Andy Warhol: Screen Tests & Photographs

February 12, 2009 - June 7, 2009

Davis Gallery

Between 1964 and 1966, Andy Warhol made 472 silent black-and-white cinematic portraits. This exhibition presents an ongoing projection of 10 Screen Tests—as these seminal works are known—in conjunction with Warhol’s Polaroid and black-and-white photographs. Photographs functioned as source images for the artist’s silkscreen paintings and, with his films, they constitute a comprehensive documentation of his diverse circle of acquaintances. The photographs are selected from the 150 Warhol photographs that were given to the Colby Museum in 2007 by the Photographic Legacy Program of the Andy Warhol Foundation.

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Hannah Collins: A Current History

February 5, 2009 - May 27, 2009

Theater Gallery

A recent purchase and partial gift of the Alex Katz Foundation, Hannah Collins’ Beshencevo: A Current History is a highly evocative retelling of one day in the life of a family in a remote village in central Russia. Through a series of interwoven visual fragments including stark landscapes and contemplative domestic scenes, striking contrasts emerge between the realities of Post-Soviet life and the timeworn conventions of a traditional settlement.

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Ink Tales, the result of a collaborative project by students at Colby and Bowdoin Colleges, features Chinese paintings drawn from the collections of both institutions. The exhibition, held simultaneously on both campuses, explores the variety of stories associated with the images, formats, and functions of Chinese paintings.

For more information, visit the web exhibition here.

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Bevin Engman: New Work

January 20, 2009 - March 8, 2009

Upper Jette Galleries

Colby Associate Professor of Art Bevin Engman presents paintings, collages, and source photographs drawn from her recent explorations of the land, sea, and sky. These “quotes” from the environment of Cape Cod, where the artist spent her childhood and recently returned to paint, capture the inherent abstraction of the subject through subtle compositions of color and form.

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Fall Faculty Exhibition

November 13, 2008 - January 18, 2009

Lower Jette Galleries

The Fall Faculty Exhibition presents an opportunity to view recent work by Colby College faculty members Bonnie Bishop, Bevin Engman, Gary Green, Maggie Libby, Harriett Matthews, Abbott Meader, Nancy Meader, Garry Mitchell, Scott Reed, and Barbara Sullivan.

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Hiraki Sawa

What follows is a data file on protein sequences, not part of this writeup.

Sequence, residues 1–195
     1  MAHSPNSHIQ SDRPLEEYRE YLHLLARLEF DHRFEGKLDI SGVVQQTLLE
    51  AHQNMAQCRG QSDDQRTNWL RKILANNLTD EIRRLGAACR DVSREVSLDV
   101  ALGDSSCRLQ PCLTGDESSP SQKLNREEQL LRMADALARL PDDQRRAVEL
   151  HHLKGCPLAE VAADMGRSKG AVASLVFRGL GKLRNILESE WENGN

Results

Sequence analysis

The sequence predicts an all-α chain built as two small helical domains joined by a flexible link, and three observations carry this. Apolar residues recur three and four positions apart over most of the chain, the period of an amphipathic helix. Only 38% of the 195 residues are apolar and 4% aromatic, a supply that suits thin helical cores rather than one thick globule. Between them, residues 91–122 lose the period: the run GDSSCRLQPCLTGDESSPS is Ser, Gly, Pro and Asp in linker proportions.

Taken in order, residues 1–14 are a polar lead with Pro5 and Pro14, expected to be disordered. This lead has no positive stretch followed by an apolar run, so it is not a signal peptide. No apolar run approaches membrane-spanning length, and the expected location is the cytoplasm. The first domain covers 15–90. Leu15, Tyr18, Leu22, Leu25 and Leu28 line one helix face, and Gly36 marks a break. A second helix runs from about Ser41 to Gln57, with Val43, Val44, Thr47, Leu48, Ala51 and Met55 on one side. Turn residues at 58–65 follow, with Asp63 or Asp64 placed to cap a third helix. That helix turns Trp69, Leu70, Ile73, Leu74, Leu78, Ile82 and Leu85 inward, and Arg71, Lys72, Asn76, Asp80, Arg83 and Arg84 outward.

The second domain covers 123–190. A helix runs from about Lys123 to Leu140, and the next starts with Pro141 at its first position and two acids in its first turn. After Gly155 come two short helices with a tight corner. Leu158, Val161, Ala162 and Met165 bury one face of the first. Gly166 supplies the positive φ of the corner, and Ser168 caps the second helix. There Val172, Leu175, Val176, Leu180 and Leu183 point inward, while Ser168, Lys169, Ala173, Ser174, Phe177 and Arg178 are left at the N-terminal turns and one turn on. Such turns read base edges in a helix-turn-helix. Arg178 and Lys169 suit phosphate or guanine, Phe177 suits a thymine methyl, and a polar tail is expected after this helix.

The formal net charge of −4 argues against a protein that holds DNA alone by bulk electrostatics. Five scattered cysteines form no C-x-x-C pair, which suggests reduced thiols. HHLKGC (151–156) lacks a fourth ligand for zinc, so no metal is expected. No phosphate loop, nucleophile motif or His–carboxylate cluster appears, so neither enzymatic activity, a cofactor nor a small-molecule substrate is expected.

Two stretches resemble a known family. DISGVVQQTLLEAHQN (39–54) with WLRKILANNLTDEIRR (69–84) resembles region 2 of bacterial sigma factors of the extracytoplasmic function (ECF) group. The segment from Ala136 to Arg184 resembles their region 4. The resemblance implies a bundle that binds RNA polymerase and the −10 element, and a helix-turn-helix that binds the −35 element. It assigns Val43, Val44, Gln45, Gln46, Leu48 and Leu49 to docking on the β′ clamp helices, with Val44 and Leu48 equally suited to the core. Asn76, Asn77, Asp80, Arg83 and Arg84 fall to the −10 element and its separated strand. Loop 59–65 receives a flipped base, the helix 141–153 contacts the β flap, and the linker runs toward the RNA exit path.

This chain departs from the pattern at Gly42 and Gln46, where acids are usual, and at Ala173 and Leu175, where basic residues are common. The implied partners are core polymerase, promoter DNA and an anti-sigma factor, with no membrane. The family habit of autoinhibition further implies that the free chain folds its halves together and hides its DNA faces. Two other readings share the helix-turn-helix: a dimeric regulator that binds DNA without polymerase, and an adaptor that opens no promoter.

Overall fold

November 6, 2008 - January 25, 2009

Theater Gallery

This exhibition presents three videos by the London-based, Japanese-born artist Hiraki Sawa. At once playful and meditative, Sawa’s works show imaginary, often miniaturized worlds animated by such seemingly incongruous elements as airplanes aloft in an otherwise mundane apartment, running and walking figures that evoke the early photographic movement studies of Eadweard Muybridge, and the shadowy silhouettes of animals placidly but persistently en route to somewhere else.

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Whistler & the Figure: Prints from the Lunder Collection

November 1, 2008 - May 31, 2009

Gourley Gallery

Curated by David Becker

Throughout his career, James McNeill Whistler was preoccupied with portraying the human figure. Though best known for his elegant and enigmatic oil portraits of society notables and – of course – his own mother, he also executed many smaller-scale figural works within the private space of his home and studio and the public spaces of city and countryside. This selection from the more than two hundred Whistler etchings and lithographs in the Lunder Collection focuses on the artist’s equally keen perception of the figure from near and far.

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currents5: t s Beall

October 9, 2008 - February 1, 2009

Davis Gallery

In the fifth installment of currents, an annual solo exhibition dedicated to the work of an emerging artist with connections to Maine, the Colby College Museum of Art presents Here Be Dragons (2008), a new video installation by t s Beall, an American artist living in Glasgow who attended the Skowhegan School of Painting and Sculpture in 2003. The exhibition consists of a single watchtower surmounted by a rotating platform outfitted with video projectors. From it, circular, scope-like video sequences of landscape imagery drawn from desolate outposts and contested areas are projected onto the walls of the gallery.

Watch a video of the installation here

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